Stanley H. Appel spends much of his time researching Amyotrophic lateral sclerosis, Immunology, Internal medicine, Microglia and Endocrinology. His Amyotrophic lateral sclerosis research integrates issues from Alzheimer's disease and Motor neuron, Neuroscience, Spinal cord. The various areas that he examines in his Immunology study include Superoxide dismutase and Tissue culture.
Stanley H. Appel has researched Internal medicine in several fields, including Pelvic girdle and Surgery. His research integrates issues of Neuroglia, Parkinson's disease, Neuroprotection, Cell biology and Proinflammatory cytokine in his study of Microglia. Stanley H. Appel interconnects Myasthenia gravis and Acetylcholine receptor in the investigation of issues within Endocrinology.
Amyotrophic lateral sclerosis, Internal medicine, Immunology, Endocrinology and Neuroscience are his primary areas of study. His study looks at the intersection of Amyotrophic lateral sclerosis and topics like Motor neuron with Axon. Stanley H. Appel has researched Internal medicine in several fields, including Placebo and Oncology.
His research is interdisciplinary, bridging the disciplines of Neuroprotection and Immunology. His biological study deals with issues like Acetylcholine receptor, which deal with fields such as Muscarinic acetylcholine receptor. Pathology is often connected to Spinal cord in his work.
Stanley H. Appel mostly deals with Amyotrophic lateral sclerosis, Immunology, Internal medicine, Disease and Pathology. The study incorporates disciplines such as Clinical trial, Surgery, Neuroscience, Neuroprotection and Neuroinflammation in addition to Amyotrophic lateral sclerosis. His Neuroscience research includes elements of Extracellular, Receptor and Frontotemporal dementia.
His Internal medicine research incorporates elements of Gastroenterology, Placebo and Oncology. The various areas that Stanley H. Appel examines in his Disease study include Ex vivo, Missense mutation, TREM2, Genotype and Protein biomarkers. The Pathology study combines topics in areas such as Skeletal muscle, CD34, Endothelial stem cell and Spinal cord.
The scientist’s investigation covers issues in Amyotrophic lateral sclerosis, Immunology, Microglia, Neuroscience and Neuroprotection. Stanley H. Appel is investigating Amyotrophic lateral sclerosis as part of his Internal medicine and Pathology and Amyotrophic lateral sclerosis study. His Internal medicine research is multidisciplinary, incorporating perspectives in Endocrinology, Surgery and Hyperlipidemia.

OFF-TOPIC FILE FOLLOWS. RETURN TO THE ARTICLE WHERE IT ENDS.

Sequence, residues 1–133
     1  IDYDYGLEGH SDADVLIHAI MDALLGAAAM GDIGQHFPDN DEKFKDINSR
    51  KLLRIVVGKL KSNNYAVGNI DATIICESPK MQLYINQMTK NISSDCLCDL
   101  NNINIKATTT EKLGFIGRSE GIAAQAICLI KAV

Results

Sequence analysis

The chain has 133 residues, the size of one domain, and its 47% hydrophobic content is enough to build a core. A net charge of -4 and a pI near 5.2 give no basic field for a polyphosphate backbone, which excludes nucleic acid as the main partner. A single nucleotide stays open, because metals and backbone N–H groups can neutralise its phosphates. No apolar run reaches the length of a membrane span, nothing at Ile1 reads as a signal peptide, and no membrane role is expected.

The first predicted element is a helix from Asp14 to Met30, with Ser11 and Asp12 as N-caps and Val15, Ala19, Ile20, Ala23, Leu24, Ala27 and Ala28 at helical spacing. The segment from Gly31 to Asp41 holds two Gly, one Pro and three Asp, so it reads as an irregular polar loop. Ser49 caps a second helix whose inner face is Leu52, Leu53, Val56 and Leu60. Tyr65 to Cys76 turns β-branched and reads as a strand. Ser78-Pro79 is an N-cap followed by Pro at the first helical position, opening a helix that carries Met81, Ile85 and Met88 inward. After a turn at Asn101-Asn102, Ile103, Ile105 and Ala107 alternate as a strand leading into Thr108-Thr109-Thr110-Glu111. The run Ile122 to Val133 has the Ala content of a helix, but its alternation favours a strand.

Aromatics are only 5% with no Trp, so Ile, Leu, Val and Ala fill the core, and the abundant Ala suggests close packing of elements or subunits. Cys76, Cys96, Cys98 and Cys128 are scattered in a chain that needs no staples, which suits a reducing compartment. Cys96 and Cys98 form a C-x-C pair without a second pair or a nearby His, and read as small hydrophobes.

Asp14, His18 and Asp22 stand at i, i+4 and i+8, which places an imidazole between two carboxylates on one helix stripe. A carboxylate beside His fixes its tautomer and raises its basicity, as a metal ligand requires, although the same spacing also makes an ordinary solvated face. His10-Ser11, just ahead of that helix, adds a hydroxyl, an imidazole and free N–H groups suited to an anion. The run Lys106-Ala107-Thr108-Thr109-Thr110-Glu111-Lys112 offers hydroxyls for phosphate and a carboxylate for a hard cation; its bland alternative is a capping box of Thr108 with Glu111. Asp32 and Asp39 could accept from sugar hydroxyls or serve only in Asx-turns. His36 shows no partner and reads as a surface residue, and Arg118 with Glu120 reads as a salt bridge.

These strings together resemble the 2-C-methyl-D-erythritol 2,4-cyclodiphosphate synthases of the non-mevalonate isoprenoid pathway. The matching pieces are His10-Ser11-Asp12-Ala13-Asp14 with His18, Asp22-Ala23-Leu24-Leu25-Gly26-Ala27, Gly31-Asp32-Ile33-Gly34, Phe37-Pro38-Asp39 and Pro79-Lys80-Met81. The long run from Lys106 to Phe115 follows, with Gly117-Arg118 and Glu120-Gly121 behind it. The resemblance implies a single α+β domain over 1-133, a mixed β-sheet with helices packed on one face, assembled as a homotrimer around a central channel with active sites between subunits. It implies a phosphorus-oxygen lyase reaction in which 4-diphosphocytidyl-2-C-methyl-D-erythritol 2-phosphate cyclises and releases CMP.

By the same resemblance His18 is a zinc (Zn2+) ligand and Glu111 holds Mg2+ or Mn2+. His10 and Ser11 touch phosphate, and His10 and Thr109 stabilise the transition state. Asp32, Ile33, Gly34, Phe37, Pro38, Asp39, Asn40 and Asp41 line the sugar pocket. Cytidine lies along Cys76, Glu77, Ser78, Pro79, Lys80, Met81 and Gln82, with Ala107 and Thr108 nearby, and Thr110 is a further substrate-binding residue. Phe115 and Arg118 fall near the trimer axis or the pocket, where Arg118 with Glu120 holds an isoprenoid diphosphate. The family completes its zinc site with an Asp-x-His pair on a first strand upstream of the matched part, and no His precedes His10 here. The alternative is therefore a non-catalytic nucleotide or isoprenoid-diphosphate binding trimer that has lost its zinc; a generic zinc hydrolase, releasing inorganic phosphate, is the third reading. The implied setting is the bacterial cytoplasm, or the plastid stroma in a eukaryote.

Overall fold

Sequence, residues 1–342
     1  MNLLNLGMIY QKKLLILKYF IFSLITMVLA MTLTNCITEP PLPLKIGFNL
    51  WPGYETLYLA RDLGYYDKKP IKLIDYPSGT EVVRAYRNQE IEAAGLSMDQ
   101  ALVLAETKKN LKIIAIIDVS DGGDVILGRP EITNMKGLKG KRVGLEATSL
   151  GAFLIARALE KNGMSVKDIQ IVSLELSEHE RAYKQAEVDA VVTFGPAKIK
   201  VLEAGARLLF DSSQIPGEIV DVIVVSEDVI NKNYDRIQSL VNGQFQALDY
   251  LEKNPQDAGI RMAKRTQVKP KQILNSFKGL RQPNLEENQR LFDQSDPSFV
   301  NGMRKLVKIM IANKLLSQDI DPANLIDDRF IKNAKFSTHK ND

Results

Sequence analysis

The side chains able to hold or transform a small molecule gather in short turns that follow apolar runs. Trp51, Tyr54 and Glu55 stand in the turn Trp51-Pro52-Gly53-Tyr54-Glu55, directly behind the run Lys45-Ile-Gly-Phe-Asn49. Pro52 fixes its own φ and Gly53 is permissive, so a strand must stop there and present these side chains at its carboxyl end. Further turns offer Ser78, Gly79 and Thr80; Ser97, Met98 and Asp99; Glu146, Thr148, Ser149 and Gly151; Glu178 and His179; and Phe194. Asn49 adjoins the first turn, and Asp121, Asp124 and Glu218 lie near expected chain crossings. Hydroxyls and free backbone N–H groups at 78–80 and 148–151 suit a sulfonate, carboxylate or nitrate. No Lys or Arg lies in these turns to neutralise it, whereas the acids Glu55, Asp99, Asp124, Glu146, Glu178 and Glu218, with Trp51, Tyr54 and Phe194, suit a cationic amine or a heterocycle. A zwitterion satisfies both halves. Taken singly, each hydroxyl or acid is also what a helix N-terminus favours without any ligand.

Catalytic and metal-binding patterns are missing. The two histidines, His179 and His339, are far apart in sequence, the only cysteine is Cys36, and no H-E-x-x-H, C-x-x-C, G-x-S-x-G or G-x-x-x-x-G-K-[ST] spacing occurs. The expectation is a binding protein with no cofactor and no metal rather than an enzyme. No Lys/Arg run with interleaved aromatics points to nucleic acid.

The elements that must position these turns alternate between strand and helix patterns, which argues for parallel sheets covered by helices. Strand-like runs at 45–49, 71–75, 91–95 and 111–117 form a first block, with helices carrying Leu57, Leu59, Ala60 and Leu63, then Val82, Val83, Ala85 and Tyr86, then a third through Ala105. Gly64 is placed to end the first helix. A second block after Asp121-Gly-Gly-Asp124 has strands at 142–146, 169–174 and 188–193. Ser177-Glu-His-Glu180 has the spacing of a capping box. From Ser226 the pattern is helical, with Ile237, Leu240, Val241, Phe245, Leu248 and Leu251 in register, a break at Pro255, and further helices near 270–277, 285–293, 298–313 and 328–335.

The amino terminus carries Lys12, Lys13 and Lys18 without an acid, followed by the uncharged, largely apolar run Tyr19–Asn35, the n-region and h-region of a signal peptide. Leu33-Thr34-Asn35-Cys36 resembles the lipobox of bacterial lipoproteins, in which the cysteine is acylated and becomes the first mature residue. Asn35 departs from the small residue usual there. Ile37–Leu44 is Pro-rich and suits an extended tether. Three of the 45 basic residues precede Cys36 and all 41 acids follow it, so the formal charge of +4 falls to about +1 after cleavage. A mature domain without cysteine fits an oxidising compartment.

In his work, Immune dysregulation is strongly intertwined with SOD1, which is a subfield of Immunology. Stanley H. Appel has included themes like Extracellular, Intracellular, Cell biology and Receptor in his Microglia study. His work deals with themes such as Inflammation and Neurotoxicity, which intersect with Neuroprotection.
This overview was generated by a machine learning system which analysed the scientist’s body of work. If you have any feedback, you can contact us here.
A unifying hypothesis for the cause of amyotrophic lateral sclerosis, Parkinsonism, and Alzheimer disease
Stanley H. Appel.
Annals of Neurology (1981)
Prevalence and patterns of cognitive impairment in sporadic ALS.
G. M. Ringholz;Stanley H. Appel;M. Bradshaw;N. A. Cooke.
Natural history of amyotrophic lateral sclerosis in a database population. Validation of a scoring system and a model for survival prediction.
Lanny J. Haverkamp;Vicki Appel;Stanley H. Appel.
Mutant Mice (Quaking and Jimpy) with Deficient Myelination in the Central Nervous System
Richard L. Sidman;Margaret M. Dickie;Stanley H. Appel.
Wild-type microglia extend survival in PU.1 knockout mice with familial amyotrophic lateral sclerosis
David R. Beers;Jenny S. Henkel;Qin Xiao;Qin Xiao;Weihua Zhao.
Proceedings of the National Academy of Sciences of the United States of America (2006)
Exome sequencing in amyotrophic lateral sclerosis identifies risk genes and pathways
Elizabeth T. Cirulli;Brittany N Lasseigne;Slave Petrovski;Peter C Sapp.
Mutations in NR4A2 associated with familial Parkinson disease.
Wei-dong Le;Pingyi Xu;Joseph Jankovic;Hong Jiang.
Nature Genetics (2003)
Immune reactivity in a mouse model of familial ALS correlates with disease progression
Maria E. Alexianu;Milena Kozovska;Stanley H. Appel.
Presence of dendritic cells, MCP-1, and activated microglia/macrophages in amyotrophic lateral sclerosis spinal cord tissue.
Jenny S. Henkel;Joseph I. Engelhardt;László Siklós;Ericka P. Simpson.
Annals of Neurology (2004)
An antisense oligonucleotide against SOD1 delivered intrathecally for patients with SOD1 familial amyotrophic lateral sclerosis: A phase 1, randomised, first-in-man study
Timothy M Miller;Alan Pestronk;William David;Jeffrey Rothstein.
Lancet Neurology (2013)
If you think any of the details on this page are incorrect, let us know.
We appreciate your kind effort to assist us to improve this page, it would be helpful providing us with as much detail as possible in the text box below: